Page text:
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Transgender Inclusion and 2024 Taiwanese Elections

A campaign poster of the Taiwan Solidarity Union in Hsintien, New Taipei City: “Saying NO to ID changes without a surgery keeps women safer.”
Photo: Marcin Jerzewski

What is going on?

Even though Taiwan made history by becoming the first country in Asia to legalize same-sex marriage in 2019, the LGBTQI+ community in Taiwan continues its struggle for full equality. An important lingering area for LGBTQI+ advocacy in Taiwan following the legalization of same-sex marriage is broader inclusion of transgender and non-binary individuals. The issue of transgender inclusion remains an important topic in the ongoing campaign ahead of the upcoming legislative and presidential elections, although it received little attention in global media. Taiwan’s Green Party made history by nominating Abbygail Wu (吳伊婷), engineer, activist, and a transgender woman, as a candidate on its party list; this marks the first time when a transgender person could win a seat in the Taiwanese legislature. At the same time, the right-wing pro-independence Taiwan Solidarity Union appeals to trans-exclusionary radical feminism by vehemently opposing any relaxation of the surgical requirements for the legal recognition of the affirmed gender, claiming it is a “women’s rights” issue. Consequently, the upcoming vote can have implications for the possibility of a legal change towards greater transgender inclusion.

What is the broader picture?

With regard to the procedure for legal gender recognition, the administrative order No. 0970066240 issued by the Ministry of Interior in 2008 stipulates that individuals need to undergo mental assessment from two psychiatrists and provide medical certification proving the completion of the surgical removal of reproductive organs. These eligibility criteria place very significant limitations on access to legal gender recognition. Moreover, Taiwan does not currently recognize non-binary gender markers such as X.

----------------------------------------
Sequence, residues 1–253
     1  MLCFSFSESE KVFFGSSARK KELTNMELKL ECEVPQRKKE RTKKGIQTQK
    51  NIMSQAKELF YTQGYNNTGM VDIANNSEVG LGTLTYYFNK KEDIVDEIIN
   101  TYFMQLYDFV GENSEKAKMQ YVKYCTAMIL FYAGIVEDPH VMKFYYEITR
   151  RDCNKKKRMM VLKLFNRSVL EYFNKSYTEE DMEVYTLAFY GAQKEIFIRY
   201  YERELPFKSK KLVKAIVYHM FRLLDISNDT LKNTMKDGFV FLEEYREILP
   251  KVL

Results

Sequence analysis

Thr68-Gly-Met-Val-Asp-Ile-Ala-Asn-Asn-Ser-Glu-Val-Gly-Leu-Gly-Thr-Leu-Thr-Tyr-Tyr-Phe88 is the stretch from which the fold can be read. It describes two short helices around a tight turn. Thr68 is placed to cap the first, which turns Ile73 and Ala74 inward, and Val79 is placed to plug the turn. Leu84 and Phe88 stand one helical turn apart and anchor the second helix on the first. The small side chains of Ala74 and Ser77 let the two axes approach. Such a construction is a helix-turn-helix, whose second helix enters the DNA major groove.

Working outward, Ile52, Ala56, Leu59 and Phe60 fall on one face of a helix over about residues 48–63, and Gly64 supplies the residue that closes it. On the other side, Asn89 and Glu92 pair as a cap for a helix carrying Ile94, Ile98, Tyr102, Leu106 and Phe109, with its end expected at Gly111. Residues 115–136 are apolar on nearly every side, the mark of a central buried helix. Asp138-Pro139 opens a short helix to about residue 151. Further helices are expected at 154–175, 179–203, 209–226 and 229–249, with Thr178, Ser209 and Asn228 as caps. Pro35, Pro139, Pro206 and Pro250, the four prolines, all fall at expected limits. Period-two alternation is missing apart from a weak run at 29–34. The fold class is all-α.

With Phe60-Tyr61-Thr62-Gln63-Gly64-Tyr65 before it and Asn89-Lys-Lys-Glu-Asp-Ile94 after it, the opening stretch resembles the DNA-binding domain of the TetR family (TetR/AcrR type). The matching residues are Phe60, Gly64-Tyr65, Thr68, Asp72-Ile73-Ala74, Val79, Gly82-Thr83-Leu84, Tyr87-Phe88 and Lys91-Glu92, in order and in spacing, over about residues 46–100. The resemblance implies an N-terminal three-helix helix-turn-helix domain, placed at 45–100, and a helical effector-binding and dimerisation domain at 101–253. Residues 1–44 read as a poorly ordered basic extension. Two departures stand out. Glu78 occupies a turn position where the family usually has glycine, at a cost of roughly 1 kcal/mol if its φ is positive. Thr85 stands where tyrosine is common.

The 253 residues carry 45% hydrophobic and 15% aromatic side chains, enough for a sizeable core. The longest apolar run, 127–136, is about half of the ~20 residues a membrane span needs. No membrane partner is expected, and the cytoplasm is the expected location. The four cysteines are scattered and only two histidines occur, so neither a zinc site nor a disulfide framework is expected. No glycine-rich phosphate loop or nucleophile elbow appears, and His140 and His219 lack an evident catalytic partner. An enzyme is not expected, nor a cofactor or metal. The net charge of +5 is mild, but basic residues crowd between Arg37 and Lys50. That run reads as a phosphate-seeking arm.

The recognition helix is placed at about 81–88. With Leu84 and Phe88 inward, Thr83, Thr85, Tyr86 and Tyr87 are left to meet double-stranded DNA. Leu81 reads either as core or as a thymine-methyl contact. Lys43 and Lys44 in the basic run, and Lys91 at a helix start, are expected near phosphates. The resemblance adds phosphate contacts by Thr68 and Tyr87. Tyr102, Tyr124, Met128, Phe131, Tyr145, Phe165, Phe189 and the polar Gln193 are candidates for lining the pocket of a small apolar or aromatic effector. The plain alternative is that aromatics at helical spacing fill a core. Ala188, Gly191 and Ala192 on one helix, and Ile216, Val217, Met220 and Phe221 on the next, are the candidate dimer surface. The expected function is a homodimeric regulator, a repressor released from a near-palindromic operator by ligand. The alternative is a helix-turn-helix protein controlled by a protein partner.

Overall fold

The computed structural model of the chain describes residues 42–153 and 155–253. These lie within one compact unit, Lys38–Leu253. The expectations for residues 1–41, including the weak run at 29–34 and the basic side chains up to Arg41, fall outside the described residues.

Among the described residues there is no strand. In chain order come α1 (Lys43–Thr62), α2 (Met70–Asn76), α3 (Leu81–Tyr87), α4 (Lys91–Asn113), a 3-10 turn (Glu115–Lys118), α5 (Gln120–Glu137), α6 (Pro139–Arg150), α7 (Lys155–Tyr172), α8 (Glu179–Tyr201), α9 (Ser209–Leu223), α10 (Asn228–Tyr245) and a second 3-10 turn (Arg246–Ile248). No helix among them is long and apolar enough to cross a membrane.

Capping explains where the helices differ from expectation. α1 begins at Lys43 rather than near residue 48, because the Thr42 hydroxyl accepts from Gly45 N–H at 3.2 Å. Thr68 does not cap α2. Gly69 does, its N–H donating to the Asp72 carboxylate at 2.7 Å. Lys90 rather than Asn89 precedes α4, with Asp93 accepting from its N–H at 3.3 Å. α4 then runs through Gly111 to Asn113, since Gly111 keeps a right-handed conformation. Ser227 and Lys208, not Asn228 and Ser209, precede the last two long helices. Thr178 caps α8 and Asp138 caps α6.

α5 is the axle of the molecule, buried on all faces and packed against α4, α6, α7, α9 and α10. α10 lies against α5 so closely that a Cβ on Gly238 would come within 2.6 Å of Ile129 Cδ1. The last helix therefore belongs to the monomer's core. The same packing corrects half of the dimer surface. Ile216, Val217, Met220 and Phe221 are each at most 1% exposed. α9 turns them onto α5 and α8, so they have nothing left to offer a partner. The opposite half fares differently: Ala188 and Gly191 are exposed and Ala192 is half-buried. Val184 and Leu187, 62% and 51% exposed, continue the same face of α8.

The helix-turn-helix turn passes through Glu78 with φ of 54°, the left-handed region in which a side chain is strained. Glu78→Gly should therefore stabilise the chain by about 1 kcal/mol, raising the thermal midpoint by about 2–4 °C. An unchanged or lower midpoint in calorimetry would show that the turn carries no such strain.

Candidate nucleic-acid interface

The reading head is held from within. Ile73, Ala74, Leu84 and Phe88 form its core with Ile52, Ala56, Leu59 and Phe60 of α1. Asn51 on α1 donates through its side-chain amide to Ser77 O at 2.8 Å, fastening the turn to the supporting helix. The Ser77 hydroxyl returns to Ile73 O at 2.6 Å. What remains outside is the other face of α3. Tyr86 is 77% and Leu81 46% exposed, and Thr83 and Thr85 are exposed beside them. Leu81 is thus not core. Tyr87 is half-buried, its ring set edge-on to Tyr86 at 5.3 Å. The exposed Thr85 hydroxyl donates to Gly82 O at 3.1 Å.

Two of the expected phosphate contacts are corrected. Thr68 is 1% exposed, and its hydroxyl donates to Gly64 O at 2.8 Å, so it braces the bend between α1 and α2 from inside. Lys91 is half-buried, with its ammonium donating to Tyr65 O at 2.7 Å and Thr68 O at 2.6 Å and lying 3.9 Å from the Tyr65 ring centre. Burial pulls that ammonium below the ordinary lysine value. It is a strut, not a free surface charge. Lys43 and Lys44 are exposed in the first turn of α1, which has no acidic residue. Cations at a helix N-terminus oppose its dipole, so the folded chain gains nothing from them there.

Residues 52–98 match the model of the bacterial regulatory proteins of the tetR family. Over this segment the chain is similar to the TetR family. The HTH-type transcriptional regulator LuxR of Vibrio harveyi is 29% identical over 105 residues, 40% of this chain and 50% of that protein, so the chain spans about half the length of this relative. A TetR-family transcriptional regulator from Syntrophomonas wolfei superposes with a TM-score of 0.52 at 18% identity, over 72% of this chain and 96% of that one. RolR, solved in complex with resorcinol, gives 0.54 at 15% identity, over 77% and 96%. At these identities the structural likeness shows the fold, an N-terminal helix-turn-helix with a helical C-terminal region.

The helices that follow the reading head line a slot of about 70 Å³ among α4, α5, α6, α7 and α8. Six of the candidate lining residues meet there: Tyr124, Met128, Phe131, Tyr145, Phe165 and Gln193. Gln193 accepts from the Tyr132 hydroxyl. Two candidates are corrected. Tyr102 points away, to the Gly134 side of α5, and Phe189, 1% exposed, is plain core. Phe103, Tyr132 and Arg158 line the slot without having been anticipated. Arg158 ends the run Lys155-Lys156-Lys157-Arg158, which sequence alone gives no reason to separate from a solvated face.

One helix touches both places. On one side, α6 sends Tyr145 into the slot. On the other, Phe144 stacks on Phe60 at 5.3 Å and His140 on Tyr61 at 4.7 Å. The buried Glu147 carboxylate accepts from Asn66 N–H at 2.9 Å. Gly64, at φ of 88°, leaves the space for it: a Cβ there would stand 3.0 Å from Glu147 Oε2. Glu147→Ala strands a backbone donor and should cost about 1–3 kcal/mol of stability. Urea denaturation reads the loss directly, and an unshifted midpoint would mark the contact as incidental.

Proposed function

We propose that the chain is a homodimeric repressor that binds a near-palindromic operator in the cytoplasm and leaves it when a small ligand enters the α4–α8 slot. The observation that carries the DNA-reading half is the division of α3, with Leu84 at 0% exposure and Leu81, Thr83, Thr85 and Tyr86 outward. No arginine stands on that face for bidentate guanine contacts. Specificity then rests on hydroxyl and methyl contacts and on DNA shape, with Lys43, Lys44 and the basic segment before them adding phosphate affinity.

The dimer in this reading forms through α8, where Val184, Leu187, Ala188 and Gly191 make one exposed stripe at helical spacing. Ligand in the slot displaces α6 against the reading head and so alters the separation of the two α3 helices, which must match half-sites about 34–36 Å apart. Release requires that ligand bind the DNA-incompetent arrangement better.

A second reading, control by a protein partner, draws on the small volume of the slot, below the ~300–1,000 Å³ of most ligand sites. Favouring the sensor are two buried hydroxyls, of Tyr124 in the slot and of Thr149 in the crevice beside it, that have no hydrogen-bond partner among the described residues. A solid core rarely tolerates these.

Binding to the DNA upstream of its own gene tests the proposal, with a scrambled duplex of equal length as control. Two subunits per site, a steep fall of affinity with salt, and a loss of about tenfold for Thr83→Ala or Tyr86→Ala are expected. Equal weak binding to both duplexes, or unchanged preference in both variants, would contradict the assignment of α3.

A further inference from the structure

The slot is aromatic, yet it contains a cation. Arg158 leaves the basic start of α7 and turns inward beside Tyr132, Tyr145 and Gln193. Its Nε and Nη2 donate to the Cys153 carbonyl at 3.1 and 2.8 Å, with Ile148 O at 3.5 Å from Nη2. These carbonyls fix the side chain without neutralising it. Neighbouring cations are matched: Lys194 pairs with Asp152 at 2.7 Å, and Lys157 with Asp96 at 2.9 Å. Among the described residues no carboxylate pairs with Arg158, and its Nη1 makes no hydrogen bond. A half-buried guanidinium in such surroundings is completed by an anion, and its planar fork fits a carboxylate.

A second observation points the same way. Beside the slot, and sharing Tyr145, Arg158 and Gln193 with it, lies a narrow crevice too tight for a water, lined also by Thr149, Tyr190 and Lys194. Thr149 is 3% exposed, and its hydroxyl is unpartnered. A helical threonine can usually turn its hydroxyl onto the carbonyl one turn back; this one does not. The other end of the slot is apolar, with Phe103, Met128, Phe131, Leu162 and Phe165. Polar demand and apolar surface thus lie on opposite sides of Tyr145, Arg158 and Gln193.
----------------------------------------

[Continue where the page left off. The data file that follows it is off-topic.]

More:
Litigation has proven to be an important tool for activists campaigning for the rights of transgender people. In November 2021, Xiao E (小E) became the first Taiwanese transgender woman to have her gender legally recognized without submitting a confirmation of surgery. According to the ruling, the surgery requirement for removal of the reproductive organs for legal gender recognition stood against the principles of legal reservation, equality and proportionality. Yet, this verdict is only legally effective for Xiao E and has not yet led to a change of the broader framework, which continues to be governed by the Ministry of Interior’s executive order.

In another case involving Lisbeth Wu (吳宇萱), a transgender woman seeking legal confirmation of her gender without submitting a proof of surgery, the Taipei High Administrative Court has ordered a halt to the legal proceedings and decided to seek a constitutional interpretation from the Judicial Yuan. Wu is a dual citizen of the US and Taiwan who already changed the gender markers on her American identification documents, but has yet to successfully change her legal gender in Taiwan. Nevertheless, the Constitutional Court refused to hear the case, which was returned to the Taipei High Administrative Court.

Why does it matter?

Despite challenges, cooperation on expanding social inclusion of LGBTQI+ persons provides a foundation for equitable engagement between Taiwan and the EU. Brussels and Taipei have a strong record of cooperation on those issues, including through the 2019-2023 EU-Taiwan Gender Equality Cooperation and Training Framework. The 2022 EU-Taiwan LGBTI Human Conference also prominently featured topics related to the promotion of transgender persons’ rights, including sharing of best practices of Belgium and Austria which could be implemented to Taiwan. While member states which began the expansion of protection of LGBTQI+ rights earlier can offer actionable policy ideas for Taiwan in domains such as equal legal treatment of transgender people, Taiwan can also support LGBTQI+ inclusion in less progressive member states through exchanges at the CSO, legislative, and administrative levels.